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BULLETIN

ILS GRADUATION SUNDAY BOOKLET

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Easter 6, 2020
Immanuel Lutheran Church, Hamilton, Ohio
Pastor Kevin Jud
May 17, 2020
Acts 17:16-31, 1 Peter 3:13-22, John 14:15-21

Sermons online: 
Text and Audio:         immanuelhamiltonchurch.com   click “sermons”
Text:                            pastorjud.org   
Audio:                         pastorjud.podbean.com 
itunes:                         bit.ly/pastorjud
Full Service Audio:    bit.ly/ImmanuelWorship

 

Who, what, where, when, why, and how?  These are good questions to ask when you are trying to learn about something. They are questions I was taught when studying for my major at college in Northwest Indiana.  Today I want to use these questions to examine a passage from our Epistle reading 1 Peter 3:15 (ESV) 15 but in your hearts regard Christ the Lord as holy, always being prepared to make a defense to anyone who asks you for a reason for the hope that is in you;[1]

Who?  Peter, an apostle of Jesus Christ, is writing… 1 Peter 1:1 (ESV) 1 …To those who are elect exiles of the dispersion in Pontus, Galatia, Cappadocia, Asia, and Bithynia,[2] These are areas in modern day Turkey. Now, because, as we learn in 2 Timothy 3:16 (ESV) 16 All Scripture is breathed out by God and profitable for teaching, for reproof, for correction, and for training in righteousness,[3]  we know the who is not just dispersed Christians 2,000 years ago, the who is also you and me.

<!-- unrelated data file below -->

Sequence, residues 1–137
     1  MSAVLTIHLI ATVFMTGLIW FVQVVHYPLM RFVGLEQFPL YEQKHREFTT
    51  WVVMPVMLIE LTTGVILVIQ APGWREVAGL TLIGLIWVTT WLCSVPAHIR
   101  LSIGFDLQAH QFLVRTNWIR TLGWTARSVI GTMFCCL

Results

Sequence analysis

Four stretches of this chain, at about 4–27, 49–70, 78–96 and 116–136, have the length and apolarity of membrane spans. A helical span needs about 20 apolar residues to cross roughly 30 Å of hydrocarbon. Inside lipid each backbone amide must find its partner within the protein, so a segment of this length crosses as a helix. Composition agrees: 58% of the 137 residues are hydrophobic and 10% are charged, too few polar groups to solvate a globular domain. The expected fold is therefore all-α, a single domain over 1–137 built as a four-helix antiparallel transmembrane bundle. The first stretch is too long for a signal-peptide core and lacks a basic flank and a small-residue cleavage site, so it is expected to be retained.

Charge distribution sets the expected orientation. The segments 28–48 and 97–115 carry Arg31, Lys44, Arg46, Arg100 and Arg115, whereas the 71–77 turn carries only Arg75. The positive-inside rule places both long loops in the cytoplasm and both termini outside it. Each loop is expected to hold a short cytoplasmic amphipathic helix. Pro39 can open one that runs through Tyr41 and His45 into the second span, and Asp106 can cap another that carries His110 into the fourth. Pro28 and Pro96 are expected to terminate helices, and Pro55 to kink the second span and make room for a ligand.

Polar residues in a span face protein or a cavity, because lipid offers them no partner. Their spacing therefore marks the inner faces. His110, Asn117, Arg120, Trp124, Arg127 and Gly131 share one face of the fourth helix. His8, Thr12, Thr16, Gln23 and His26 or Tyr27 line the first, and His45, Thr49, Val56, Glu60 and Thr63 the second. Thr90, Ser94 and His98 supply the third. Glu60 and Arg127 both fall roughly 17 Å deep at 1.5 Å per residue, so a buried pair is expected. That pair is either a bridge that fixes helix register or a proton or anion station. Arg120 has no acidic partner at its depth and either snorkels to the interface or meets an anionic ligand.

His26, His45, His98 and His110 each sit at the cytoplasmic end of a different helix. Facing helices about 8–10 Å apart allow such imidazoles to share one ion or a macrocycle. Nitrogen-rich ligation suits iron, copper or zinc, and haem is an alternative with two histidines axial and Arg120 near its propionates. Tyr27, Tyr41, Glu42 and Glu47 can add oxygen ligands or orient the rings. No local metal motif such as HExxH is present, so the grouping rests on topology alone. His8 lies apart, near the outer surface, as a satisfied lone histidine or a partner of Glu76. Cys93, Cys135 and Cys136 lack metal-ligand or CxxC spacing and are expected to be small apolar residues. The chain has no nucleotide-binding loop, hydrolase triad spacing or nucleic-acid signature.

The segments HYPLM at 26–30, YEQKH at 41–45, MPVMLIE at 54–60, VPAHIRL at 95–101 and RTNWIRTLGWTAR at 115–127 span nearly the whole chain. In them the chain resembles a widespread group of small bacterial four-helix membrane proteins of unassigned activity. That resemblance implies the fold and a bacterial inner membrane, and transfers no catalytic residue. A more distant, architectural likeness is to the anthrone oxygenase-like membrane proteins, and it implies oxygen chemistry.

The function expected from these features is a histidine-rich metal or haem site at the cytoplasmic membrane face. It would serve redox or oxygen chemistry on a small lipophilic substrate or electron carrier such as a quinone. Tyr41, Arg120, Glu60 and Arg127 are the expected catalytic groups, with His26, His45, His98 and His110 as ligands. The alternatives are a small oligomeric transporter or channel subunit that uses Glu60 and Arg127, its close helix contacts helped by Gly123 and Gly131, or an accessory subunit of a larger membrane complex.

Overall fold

What?  The Greek word for defense is apologian.  An apology. I need to be ready to make an apology.  You need to be ready to make an apology.  When I work with premarital couples we talk about how important it is to say those two words that can be so hard to say, “I’m sorry.”  People are pretty proud by nature and it doesn’t come easy to admit you are wrong, but it is so important.  When husband and wife argue and there is tension between them each should go to the other, give them a hug, and say, “I’m sorry,” even if it is just, “I’m sorry I snapped at you.”  You need to be ready to make an apology.

But that is not the kind of apology that our text is talking about this morning.  The word apology also means a defense, or justification for your position.  1 Peter 3:15 (ESV) 15 but in your hearts regard Christ the Lord as holy, always being prepared to make a defense to anyone who asks you for a reason for the hope that is in you;[4]  Apologian.  From this word we also get the word apologetics which is the practice of defending the truth of Christianity.  One of the confessional writings that Lutheran pastors pledge faithfulness to is the “Apology of the Augsburg Confession,” which is the defense of the Augsburg Confession which presented by the Lutheran Princes to Emperor Charles V in Augsburg, Germany.

Always be prepared to give a defense for the hope that is in you.  Peter is giving us a powerful instruction.  Stay ready.  Know what it is that you believe and why you believe it and be ready to give a defense; an apology.